• The school must be at minimum 80% in compliance with the AMS Standards.  The school must be 100% in compliance with the AMS Standards before it submits its self-study report to the AMS Office of School Accreditation.


For details about AMS accreditation, click to download the following documents:

Other Accrediting Organizations

Various regional and national accrediting agencies accredit Montessori as well as other schools. Some AMS member schools choose to accredit with more than one agency to demonstrate compliance with school standards that also apply to non-Montessori schools.

Substantive Changes

Some changes that a school experiences are relatively minor. Others can be substantive, affecting major aspects of the school. If your school is AMS-accredited and is experiencing any of the substantive changes below, we ask that you notify us by completing and sending us the appropriate form (click on the links). We also ask that you detail the change(s) in your next Accredited School Annual Report.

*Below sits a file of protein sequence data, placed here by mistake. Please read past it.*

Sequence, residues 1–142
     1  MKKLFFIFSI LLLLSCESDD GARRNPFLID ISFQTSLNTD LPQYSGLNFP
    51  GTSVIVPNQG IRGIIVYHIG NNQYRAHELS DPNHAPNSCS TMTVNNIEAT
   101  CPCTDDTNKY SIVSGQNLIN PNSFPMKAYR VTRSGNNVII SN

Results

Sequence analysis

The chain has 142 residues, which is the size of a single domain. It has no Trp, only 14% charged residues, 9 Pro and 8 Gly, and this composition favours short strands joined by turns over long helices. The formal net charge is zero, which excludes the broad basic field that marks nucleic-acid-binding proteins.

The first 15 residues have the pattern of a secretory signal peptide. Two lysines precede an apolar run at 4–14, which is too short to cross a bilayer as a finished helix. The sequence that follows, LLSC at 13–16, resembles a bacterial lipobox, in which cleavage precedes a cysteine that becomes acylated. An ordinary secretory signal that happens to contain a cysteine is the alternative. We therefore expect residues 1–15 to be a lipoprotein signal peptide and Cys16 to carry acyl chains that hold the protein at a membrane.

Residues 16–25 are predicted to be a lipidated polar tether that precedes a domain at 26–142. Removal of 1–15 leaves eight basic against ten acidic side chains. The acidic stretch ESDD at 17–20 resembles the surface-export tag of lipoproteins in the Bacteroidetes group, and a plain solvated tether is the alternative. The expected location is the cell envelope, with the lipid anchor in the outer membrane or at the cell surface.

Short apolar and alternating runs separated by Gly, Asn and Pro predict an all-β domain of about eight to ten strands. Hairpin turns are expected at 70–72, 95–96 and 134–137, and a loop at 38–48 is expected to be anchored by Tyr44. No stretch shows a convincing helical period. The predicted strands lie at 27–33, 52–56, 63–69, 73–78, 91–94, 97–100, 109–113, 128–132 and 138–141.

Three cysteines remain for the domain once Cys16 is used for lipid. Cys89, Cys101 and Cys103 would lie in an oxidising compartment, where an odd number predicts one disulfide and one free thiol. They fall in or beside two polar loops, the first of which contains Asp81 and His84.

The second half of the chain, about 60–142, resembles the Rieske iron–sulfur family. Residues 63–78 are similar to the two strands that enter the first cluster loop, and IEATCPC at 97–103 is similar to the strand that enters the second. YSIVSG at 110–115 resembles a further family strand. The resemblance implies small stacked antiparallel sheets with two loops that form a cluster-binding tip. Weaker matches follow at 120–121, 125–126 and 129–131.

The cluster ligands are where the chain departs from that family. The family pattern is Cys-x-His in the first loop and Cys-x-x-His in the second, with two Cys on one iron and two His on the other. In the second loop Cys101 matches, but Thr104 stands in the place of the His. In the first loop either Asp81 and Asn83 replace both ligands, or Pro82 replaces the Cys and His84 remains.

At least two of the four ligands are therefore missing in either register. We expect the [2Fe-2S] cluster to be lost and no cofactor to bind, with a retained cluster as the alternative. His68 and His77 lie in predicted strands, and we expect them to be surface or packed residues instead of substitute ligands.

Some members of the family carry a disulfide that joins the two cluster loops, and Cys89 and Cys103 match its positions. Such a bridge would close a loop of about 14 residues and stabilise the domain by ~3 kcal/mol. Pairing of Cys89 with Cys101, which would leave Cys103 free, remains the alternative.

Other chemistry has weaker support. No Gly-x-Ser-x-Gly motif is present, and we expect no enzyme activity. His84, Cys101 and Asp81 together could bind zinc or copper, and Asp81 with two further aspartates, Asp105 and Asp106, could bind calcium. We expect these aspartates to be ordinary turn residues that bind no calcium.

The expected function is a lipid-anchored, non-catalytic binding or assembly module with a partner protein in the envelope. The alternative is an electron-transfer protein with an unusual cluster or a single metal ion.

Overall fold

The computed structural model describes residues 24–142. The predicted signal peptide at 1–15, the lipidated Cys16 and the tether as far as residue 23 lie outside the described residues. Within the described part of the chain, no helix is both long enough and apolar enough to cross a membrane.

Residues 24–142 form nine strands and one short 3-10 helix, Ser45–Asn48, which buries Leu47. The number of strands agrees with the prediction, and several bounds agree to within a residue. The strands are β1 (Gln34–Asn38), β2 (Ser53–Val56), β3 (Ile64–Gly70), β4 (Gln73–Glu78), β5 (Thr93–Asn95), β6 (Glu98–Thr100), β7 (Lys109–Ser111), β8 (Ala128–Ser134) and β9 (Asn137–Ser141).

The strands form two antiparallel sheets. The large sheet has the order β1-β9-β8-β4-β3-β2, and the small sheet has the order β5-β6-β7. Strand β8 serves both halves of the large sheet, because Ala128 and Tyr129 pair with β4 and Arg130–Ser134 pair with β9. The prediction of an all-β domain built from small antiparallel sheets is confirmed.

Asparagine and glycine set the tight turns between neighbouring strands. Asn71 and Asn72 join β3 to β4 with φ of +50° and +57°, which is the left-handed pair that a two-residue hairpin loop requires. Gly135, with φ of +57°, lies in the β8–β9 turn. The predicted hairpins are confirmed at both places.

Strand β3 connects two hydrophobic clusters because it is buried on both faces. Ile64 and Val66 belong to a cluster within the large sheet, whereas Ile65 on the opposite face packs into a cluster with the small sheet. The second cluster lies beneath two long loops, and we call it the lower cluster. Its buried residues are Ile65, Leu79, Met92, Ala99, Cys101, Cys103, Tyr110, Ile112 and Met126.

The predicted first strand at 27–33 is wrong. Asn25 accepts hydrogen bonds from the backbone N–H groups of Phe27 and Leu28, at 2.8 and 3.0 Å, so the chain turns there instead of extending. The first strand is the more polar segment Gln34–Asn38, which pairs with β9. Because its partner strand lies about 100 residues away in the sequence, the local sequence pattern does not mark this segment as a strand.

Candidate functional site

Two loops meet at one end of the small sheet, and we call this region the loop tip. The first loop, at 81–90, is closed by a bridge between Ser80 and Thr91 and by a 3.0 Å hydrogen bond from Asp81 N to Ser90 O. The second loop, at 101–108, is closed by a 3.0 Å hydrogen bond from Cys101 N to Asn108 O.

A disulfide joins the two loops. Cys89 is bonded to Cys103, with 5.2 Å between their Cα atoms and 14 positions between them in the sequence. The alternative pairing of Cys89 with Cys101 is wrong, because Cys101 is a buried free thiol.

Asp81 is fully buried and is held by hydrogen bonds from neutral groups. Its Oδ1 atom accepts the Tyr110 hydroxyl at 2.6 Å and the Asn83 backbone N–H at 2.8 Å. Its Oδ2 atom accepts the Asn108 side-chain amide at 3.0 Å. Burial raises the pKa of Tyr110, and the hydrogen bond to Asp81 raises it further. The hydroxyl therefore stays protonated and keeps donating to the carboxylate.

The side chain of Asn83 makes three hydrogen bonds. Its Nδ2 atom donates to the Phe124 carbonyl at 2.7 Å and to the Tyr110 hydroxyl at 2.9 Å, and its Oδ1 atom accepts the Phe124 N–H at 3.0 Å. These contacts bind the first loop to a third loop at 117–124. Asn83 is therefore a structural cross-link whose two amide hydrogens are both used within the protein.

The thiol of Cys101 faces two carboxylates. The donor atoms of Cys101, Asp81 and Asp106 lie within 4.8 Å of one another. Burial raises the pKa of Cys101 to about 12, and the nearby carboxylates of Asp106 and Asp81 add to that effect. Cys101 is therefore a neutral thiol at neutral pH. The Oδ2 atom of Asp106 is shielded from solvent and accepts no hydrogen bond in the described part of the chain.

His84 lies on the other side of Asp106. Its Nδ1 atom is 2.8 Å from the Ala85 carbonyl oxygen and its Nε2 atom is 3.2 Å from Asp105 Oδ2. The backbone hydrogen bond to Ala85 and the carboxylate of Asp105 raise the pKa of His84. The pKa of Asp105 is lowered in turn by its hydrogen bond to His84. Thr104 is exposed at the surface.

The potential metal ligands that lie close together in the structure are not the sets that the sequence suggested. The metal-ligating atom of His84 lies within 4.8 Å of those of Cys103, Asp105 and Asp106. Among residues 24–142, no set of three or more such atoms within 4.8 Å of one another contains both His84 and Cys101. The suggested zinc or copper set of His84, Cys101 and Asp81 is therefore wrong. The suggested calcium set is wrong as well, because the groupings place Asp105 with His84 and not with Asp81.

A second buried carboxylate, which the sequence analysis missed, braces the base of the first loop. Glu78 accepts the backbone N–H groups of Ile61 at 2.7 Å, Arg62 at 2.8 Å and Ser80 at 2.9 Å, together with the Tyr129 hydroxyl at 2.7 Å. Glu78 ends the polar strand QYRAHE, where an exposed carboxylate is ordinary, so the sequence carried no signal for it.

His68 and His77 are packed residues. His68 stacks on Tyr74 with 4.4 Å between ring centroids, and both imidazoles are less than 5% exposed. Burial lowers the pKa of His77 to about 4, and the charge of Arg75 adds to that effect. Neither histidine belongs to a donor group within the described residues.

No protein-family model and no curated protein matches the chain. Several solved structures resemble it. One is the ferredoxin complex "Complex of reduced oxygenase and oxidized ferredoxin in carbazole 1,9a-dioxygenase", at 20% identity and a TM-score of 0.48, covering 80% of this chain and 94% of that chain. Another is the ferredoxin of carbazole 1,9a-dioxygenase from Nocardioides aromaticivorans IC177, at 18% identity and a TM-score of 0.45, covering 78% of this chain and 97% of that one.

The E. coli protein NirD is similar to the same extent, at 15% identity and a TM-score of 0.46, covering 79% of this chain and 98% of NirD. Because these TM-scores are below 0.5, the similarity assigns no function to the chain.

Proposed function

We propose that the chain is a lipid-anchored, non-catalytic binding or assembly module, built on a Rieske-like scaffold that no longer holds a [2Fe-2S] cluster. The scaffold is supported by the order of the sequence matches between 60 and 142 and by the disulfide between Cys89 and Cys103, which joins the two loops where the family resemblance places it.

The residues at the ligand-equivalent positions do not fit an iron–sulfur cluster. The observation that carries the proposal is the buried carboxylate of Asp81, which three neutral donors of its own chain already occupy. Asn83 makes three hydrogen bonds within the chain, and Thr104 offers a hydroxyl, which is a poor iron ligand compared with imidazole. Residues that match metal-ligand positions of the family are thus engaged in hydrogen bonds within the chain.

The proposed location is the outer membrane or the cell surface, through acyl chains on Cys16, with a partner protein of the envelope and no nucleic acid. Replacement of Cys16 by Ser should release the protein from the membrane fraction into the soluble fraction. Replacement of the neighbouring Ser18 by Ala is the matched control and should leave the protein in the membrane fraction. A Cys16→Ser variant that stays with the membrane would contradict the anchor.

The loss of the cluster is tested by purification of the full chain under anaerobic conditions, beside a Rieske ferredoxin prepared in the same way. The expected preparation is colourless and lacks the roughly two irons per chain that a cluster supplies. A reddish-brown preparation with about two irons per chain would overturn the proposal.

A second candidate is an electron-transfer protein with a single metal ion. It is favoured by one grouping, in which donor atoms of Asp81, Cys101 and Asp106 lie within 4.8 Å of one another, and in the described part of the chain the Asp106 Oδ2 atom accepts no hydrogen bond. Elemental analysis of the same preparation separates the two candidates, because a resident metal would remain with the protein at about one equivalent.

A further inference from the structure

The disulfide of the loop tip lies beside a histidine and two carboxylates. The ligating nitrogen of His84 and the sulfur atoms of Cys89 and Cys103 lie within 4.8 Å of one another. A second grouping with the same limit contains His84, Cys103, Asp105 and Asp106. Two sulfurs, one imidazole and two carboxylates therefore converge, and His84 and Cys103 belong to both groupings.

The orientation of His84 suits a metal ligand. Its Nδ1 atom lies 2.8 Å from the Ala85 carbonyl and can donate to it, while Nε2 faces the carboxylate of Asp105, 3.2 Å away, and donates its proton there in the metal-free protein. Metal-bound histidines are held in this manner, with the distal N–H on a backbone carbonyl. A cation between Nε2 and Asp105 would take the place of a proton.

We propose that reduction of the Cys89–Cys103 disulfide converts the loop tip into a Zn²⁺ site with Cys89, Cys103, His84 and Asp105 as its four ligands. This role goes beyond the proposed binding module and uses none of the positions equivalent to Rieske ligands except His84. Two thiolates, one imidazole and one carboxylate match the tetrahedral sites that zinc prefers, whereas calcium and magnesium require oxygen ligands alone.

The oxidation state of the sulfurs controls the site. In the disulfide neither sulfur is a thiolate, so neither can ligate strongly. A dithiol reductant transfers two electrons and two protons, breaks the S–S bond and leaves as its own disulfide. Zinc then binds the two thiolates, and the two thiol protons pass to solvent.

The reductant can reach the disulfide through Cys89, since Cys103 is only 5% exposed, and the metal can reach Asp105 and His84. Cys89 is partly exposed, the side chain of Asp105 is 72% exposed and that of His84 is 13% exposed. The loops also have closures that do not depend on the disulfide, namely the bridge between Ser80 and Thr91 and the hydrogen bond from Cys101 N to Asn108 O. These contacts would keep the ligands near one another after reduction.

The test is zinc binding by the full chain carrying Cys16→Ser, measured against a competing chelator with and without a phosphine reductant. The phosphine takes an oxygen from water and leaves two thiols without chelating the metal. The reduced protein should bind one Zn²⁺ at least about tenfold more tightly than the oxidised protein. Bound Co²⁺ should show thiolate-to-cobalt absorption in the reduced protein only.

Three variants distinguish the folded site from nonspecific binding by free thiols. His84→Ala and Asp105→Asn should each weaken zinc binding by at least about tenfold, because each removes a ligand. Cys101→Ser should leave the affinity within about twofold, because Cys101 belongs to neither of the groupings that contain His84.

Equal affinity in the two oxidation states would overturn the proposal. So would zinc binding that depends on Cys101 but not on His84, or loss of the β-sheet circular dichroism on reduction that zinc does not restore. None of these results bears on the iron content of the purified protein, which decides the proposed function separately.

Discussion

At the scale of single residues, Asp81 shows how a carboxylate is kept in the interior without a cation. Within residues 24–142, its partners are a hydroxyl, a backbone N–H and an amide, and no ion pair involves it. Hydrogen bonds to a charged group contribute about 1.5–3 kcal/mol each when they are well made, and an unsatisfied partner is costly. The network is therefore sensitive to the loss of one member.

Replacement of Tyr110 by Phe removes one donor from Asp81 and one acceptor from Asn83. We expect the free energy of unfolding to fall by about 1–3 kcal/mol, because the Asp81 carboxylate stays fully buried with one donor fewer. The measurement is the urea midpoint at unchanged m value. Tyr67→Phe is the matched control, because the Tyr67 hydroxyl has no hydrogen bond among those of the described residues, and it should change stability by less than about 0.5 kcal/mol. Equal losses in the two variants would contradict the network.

AMS accreditation staff will review your report of substantive change and determine if the change warrants review by the AMS School Accreditation Commission. Some substantive changes may require a 1-day onsite visit; in these cases, your school would be held responsible for any expenses incurred.

We recognize that change is a necessary part of school growth and understand that changes affecting major aspects of a school can make for challenging times.